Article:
In the East Kimberley particularly, they had seen pressure applied on those family members who were not on the program by members who were on the program. In particular, elderly people were under pressure to hand over their cash to those family members who were cash restricted. So we had shifted the problem away from the management of health issues and towards an encouragement of 'humbug'—that is, pressure on vulnerable family members—which created additional pressures for that community given that those vulnerable and, in this case, elderly family members were often providing guidance or support to other family members. There was also reporting—and this is anecdotal through the lawyers—of people leaving the community where they were restricted and crossing a nominal geographic barrier to the next town to run grog or to obtain services from family members or extended family in the next town.[12]

Indirect discrimination and human rights

1.29      A number of submissions noted concerns that the trial sites disproportionately impact Aboriginal and Torres Strait Islander communities.

1.30      In the Australian Human Rights Commission submission to the Inquiry the Aboriginal and Torres Strait Islander Social Justice Commissioner said:

The Commission has particularly been concerned about the effects of these income management measures in relation to Aboriginal and Torres Strait Islander peoples, whom we have previously identified to be a group that are disproportionately impacted by such measures. As at September 2016, 75% of trial participants in Ceduna and 82% of trial participants in the East Kimberley were Indigenous. Whilst the Explanatory Memorandum acknowledges that trials of the cashless debit card are already underway in areas with high Indigenous populations, it proposes that future sites will give priority to locations with lower proportions of Aboriginal and Torres Strait Islander peoples. The Commission remains concerned that the measures will continue to disproportionately affect Aboriginal and Torres Strait Islander people, not just in the existing locations of the East Kimberley and Ceduna where Indigenous populations are high, but also in future locations. This is the case because the measures proposed in the Bill target a section of the population who are receiving income support payments.[13]

There are therefore concerns about whether the measures are inconsistent with the Racial Discrimination Act 1975 (Cth) and guarantee Aboriginal and Torres Strait Islander peoples equality before the law. The Commission considers that the measures are not proportionate to the benefits sought by the Bill because their purpose could be achieved through other, less restrictive means. The Commission does not agree with the assessment that the Bill or existing cashless debit card measures are compatible with human rights standards.[14]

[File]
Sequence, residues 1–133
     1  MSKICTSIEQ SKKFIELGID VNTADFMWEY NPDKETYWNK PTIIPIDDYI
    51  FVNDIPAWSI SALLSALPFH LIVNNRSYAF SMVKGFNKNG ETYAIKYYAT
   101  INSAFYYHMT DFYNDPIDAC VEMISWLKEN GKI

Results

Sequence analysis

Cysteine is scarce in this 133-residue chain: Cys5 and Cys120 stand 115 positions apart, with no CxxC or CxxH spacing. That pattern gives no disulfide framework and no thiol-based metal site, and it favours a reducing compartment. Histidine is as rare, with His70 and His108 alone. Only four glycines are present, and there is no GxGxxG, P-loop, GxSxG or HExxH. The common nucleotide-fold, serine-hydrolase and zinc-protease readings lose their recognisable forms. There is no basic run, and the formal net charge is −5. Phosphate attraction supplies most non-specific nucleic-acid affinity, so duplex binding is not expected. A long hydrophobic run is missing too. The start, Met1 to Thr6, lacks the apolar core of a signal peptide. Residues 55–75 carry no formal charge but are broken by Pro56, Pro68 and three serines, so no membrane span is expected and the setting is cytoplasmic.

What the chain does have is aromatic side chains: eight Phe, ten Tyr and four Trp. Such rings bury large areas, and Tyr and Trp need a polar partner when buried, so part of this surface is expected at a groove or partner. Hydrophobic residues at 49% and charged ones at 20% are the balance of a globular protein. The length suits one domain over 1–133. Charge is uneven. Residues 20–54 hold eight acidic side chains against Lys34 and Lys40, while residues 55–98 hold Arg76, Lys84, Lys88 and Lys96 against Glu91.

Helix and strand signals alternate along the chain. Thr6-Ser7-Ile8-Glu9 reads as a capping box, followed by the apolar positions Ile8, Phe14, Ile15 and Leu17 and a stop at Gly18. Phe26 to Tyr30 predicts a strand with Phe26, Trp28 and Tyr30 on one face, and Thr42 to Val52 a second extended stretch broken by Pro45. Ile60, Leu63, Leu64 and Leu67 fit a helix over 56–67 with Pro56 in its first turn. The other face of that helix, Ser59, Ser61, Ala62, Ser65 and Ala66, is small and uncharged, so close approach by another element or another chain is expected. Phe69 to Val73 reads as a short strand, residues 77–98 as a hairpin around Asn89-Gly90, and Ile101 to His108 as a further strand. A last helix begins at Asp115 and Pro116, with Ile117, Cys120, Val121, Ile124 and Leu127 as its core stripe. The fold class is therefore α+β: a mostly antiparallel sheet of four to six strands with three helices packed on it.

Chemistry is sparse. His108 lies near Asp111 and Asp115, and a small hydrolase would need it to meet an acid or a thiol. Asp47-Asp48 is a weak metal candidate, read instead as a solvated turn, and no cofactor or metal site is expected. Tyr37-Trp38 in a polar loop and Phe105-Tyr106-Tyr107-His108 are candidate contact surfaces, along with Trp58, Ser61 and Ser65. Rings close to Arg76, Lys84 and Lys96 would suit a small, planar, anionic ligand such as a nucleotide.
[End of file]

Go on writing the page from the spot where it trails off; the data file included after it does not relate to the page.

1.31      The Kimberley Land Council told the inquiry:

While we acknowledge the widespread negative impacts of alcohol and drugs in the Australian community, it is evident that it is Aboriginal people and communities who are most often penalised by punitive, experimental and top-down policies regarding an issue that impacts the whole society. The government has taken what the KLC would characterise as a sledgehammer approach, which does little to address the root cause of the issues faced by Aboriginal people, particularly those in the East Kimberley. The KLC is further concerned that, for those who need assistance to overcome alcohol and drug dependency, the cashless debit card has very little proven ability to improve lives or create meaningful change. In 2014, the federal government announced its $5 million Empowered Communities program. It promised Aboriginal people a greater say, a greater responsibility, on how best to respond to local issues. Only two years later, we see Empowered Communities being undermined by the implementation of the cashless debit card and the views of those most affected local Aboriginal people sidelined by a government seemingly determined to implement a flawed policy.[15]

Evaluations

1.32      The Australian Greens are deeply concerned that the Government is not implementing social policy based on evidence. Not only have they discounted the NT Intervention evaluation the three so- called independent evaluations of the Cashless Debit Card trial - Initial Conditions Report, Wave 1 Interim Evaluation Report and Final Evaluation Report (Wave 2) have been widely criticised for not adhering to academic standards, having major flaws in both methodology and the way it has reported and relying on piecemeal and anecdotal evidence.